CRISPR Cas Powerful Possibilities for Genetic Engineering

The CRISPR-Cas-system is not only valuable for bacteria but also for working in the laboratory. It detects a specific sequence of letters in the genetic code and cuts the DNA at this point. Thus, scientists can either remove or add genes at the interface. By this, for instance, plants can be cultivated which are resistant against vermins or fungi. Existing technologies doing the same thing are often expensive, time consuming or less accurate. In contrast to them the new method is faster, more precise and cheaper, as fewer components are needed and it can target longer gene sequences.

Additionally, this makes the system more flexible, as small changes allow the technology to adapt to different applications. “The CRISPR-Cas-system is a very powerful tool for genetic engineering,“ says Emmanuelle Charpentier, who came to the HZI from Umeå and was awarded with the renowned Humboldt Professorship in 2013. “We have analysed and compared the enzyme Cas9 and the dual-tracrRNAs-crRNAs that guide this enzyme site-specifically to the DNA in various strains of bacteria.” Their findings allow them to classify the Cas9 proteins originating from different bacteria into groups. Within those the CRISPR-Cas systems are exchangeable which is not possible between different groups.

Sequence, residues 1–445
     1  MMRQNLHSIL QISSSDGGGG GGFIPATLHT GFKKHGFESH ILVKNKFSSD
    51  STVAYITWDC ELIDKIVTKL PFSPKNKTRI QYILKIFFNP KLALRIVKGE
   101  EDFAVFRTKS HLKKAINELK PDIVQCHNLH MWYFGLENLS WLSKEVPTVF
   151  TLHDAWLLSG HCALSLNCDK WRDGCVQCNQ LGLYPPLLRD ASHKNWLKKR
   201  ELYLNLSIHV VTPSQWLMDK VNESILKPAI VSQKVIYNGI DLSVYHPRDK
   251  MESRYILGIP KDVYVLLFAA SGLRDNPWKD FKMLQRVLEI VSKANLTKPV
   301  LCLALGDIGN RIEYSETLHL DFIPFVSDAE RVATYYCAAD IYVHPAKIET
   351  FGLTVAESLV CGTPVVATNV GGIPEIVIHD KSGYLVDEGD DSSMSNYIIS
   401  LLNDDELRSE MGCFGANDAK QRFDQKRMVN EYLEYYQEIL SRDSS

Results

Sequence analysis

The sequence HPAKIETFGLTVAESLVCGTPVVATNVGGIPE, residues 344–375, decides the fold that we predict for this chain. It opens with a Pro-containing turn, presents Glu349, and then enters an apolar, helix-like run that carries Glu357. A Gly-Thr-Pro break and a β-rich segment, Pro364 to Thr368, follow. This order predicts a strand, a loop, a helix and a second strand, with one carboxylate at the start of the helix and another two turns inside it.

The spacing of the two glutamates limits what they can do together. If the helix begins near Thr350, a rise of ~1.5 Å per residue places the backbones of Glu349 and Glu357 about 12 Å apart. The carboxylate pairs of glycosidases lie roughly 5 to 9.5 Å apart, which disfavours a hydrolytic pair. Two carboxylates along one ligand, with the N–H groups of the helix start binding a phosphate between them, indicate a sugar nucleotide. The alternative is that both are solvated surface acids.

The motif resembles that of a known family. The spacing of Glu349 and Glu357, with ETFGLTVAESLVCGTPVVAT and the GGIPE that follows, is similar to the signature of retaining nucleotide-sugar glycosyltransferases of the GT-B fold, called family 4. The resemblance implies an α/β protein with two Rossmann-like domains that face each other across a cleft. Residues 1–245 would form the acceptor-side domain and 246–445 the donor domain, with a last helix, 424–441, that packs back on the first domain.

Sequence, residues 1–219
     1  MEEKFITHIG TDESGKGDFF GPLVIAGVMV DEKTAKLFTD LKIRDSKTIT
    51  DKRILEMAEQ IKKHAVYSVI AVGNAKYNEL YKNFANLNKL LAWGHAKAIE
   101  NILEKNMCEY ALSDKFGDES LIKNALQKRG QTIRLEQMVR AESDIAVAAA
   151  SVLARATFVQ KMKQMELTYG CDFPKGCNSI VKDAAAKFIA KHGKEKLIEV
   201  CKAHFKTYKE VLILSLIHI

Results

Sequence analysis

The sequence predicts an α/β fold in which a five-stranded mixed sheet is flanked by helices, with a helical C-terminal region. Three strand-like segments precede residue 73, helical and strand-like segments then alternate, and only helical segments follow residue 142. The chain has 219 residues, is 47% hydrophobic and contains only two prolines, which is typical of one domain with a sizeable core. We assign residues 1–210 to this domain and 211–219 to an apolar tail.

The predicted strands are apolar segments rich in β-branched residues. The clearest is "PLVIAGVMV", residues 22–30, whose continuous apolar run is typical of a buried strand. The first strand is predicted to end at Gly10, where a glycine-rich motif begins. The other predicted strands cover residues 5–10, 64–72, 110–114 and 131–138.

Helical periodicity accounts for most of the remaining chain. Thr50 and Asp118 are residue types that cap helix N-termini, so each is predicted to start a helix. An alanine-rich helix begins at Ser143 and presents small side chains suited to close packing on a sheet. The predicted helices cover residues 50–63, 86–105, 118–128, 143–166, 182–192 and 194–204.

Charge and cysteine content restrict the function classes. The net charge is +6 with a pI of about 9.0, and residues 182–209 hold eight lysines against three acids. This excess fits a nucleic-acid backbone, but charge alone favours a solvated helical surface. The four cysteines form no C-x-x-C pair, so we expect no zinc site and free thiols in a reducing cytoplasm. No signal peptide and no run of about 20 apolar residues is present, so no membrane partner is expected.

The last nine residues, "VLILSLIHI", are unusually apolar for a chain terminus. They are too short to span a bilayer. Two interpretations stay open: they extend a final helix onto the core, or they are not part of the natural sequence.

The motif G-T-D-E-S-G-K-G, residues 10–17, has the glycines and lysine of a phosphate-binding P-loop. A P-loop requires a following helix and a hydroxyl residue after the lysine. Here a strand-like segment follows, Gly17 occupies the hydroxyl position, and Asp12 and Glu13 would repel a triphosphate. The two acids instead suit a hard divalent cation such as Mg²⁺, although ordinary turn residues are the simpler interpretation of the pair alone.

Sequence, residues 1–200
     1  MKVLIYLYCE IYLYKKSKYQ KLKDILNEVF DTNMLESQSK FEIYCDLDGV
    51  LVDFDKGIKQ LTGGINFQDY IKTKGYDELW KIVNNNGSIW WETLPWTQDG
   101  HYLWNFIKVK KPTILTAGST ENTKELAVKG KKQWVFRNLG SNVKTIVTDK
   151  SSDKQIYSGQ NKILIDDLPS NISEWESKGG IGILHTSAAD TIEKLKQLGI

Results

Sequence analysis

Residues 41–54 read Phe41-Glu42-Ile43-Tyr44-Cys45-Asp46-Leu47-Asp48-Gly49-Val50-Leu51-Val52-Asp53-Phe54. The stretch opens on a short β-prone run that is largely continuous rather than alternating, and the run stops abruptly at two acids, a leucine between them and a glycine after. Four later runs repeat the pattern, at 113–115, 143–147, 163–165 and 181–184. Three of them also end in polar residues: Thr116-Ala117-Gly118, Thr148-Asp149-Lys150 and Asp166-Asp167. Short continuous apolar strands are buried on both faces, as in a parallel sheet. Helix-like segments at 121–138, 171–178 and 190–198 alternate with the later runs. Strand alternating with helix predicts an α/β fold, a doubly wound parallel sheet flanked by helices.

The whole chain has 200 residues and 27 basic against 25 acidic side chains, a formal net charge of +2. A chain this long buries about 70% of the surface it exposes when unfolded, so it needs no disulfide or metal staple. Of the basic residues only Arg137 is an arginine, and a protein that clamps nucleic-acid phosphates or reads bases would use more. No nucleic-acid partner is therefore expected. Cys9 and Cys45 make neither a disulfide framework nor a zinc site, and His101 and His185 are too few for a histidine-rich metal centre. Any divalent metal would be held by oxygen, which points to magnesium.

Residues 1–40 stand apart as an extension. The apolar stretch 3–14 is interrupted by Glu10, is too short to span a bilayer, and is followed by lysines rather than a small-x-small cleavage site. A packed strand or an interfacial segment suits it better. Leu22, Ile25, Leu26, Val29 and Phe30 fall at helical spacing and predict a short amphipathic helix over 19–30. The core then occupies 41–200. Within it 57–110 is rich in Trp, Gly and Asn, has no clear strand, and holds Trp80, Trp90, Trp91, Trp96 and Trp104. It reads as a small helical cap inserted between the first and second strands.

This allows for new ways of using the technology in the laboratory: The enzymes can be combined and thereby a variety of changes in the target-DNA can be made at once. Thus, a new therapy for genetic disorders caused by different mutations in the DNA of the patient could be on the horizon. Furthermore, the method could be used to fight the AIDS virus HIV which uses a receptor of the human immune cells to infect them. Using CRISPR-Cas, the gene for the receptor could be removed and the patients could become immune to the virus. However, it is still a long way until this aim will be reached.

Still those examples show the huge potential of the CRISPR-Cas technology. “Some of my colleagues already compare it to the PCR,” says Charpentier. This method, developed in the 1980s, allows scientists to ‘copy’ nucleic acids and therefore to manifold small amounts of DNA to such an extent that they can be analysed biochemically. Without this ground-breaking technology a lot of experiments we consider to be routine would have never been possible.

Charpentier was not looking for new molecular methods in the first place. “Originally, we were looking for new targets for antibiotics. But we found something completely different,” says Charpentier. This is not rare in science. In fact some of the most significant scientific discoveries have been made incidentally or accidentally.

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